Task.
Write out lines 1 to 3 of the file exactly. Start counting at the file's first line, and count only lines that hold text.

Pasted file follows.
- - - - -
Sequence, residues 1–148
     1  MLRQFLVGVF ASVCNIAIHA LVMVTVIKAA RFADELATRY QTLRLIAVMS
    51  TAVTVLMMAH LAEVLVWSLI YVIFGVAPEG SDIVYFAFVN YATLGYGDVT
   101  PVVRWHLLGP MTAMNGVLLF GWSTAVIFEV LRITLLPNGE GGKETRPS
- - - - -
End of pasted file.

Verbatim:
Sequence, residues 1–148
     1  MLRQFLVGVF ASVCNIAIHA LVMVTVIKAA RFADELATRY QTLRLIAVMS
    51  TAVTVLMMAH LAEVLVWSLI YVIFGVAPEG SDIVYFAFVN YATLGYGDVT